Just a Little Further

FAQ – Do you cook any differently when you’re on a passage?

I do the bulk of the cooking aboard … in port or at sea. I’m asked frequently how our menus differ and how my cooking practices change when we’re at sea. Quite honestly, the weather and what we have available in the ship’s larder dictate what we’ll have for meals and how much cooking I’ll do. That said, meals are always an occasion when we’re at sea. It’s usually a time when we’re awake and have a chance to keep each other company.

 

marcie in the galley

 

The first couple of days out are sometimes the roughest. I make a passage soup or meal before leaving port. If I’m not feeling well and up to cooking when it’s meal time, there’s always something ready to eat. If we’re feeling okay, it’s a lazy day for the cook.

In general, we eat lots of smaller meals while we’re at sea. We usually have a granola bar with our morning cuppas. Breakfast is yogurt (I make it in advance), home made granola and fruit or, if it’s cold, sometimes oatmeal. If it’s particularly calm, we might have pancakes or French toast, but this is a treat, not a usual. Lunch can be a sandwich (grilled cheese, grilled cheese and tuna) or a wrap or soup.

I try to have lots of fruit aboard so we can munch on apples, pears, nectarines or whatever is available at the local market that will hopefully keep for a longer voyage. Fruits don’t require cooking which make them ideal for the cook. Long-lasting veggies include cabbages, potatoes, carrots, butternut squash and onions. They all swing in the hammock until they’re used.

 

freshies in hammock

 

Dinner is most always a hot meal. I list the possibilities and David usually decides what he’s in the mood for. (I obviously only list the choices that I’m in the mood for, too.) We have about 10 different menu options that are easy to make and easy to clean up after and we tend to alternate through them as we go, always leaving room for some imagination if the spirit moves me. Cottage pie, chili and pasta with homemade sauce all top the list although we tend to avoid “spicy” if the seas are up. Rice is a common side dish.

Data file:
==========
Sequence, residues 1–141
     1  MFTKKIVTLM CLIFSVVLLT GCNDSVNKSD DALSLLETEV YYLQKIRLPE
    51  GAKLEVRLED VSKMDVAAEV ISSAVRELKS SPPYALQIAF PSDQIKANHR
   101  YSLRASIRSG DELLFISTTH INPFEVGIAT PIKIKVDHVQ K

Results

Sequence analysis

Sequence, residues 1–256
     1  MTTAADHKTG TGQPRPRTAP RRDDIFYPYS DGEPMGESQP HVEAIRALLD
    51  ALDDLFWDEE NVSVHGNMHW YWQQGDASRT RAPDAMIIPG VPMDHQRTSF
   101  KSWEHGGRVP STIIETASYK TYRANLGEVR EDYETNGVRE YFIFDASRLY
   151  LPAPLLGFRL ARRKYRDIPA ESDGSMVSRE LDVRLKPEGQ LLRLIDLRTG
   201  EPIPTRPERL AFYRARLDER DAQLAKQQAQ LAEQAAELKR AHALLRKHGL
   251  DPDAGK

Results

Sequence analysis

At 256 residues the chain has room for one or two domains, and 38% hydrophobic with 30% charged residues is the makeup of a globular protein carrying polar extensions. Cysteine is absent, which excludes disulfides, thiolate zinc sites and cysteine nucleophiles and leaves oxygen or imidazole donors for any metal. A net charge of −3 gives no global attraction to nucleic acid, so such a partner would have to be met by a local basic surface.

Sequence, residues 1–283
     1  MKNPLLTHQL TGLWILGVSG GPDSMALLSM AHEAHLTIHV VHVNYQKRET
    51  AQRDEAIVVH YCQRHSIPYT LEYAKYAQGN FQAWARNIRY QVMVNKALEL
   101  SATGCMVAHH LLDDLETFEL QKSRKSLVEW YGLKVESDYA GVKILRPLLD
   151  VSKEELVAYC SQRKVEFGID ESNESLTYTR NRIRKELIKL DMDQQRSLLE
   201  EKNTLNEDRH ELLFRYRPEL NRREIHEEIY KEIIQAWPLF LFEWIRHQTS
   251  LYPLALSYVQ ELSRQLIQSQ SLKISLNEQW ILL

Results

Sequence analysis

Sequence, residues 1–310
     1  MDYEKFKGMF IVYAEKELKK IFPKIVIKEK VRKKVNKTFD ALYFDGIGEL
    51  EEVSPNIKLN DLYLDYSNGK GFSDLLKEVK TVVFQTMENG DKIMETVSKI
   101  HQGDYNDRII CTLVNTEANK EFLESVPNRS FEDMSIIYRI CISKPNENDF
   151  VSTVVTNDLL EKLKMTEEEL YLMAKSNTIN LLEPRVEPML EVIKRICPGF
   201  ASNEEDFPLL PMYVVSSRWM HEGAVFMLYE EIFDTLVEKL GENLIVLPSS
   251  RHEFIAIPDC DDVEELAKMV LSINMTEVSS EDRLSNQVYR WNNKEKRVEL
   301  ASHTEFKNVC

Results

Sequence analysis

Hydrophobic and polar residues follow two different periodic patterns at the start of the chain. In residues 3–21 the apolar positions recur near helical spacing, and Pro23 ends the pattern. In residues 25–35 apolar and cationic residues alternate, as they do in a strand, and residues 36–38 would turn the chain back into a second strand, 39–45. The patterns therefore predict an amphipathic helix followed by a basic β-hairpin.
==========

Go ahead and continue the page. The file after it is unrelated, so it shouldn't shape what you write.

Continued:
We usually eat in the cockpit and our meals are almost invariably served in big wooden bowls. It’s easier to contain the contents and nothing rolls off the plate when we rock and roll. Plus, wood is a good insulator against heat if you’re holding the bowl in your lap.

If David catches a fish, we have fish for the next couple of days until it’s gone. We try to have one or two meatless meals during the week … omelettes or Fettucine Alfredo, for instance. Remember, I can chicken and mince (turkey burger), so the meats are all cooked in advance. They keep for years without refrigeration and they’re always ready to add to any recipe.

 

mahimahi

 

Once I’m feeling okay and the weather’s conducive to being in the galley, there’s no limit to what I can whip up. Ingredient availability is always an issue, but I’ve become particularly good at substitutions. It’s important to be resourceful when you can’t just jump in the car and go to the store for the ingredient you’re missing.

David’s a bread maker and, if we’re on a longer passage, he’ll often have bread rising when I get up for my morning watch. He’s even tossed a pizza a few times. I make coffee cakes, scones, cupcakes and brownies quite often. Baking on passage is not a problem although on occasion we’ve had cakes that have quite a list to them.

 

tossing pizza dough

 

So … long answer to a short question … once we’ve got our sea legs, it’s business at usual unless the weather’s bad. Then, peanut butter and jelly sandwiches are on the menu. Otherwise, it’s eat … eat … eat!

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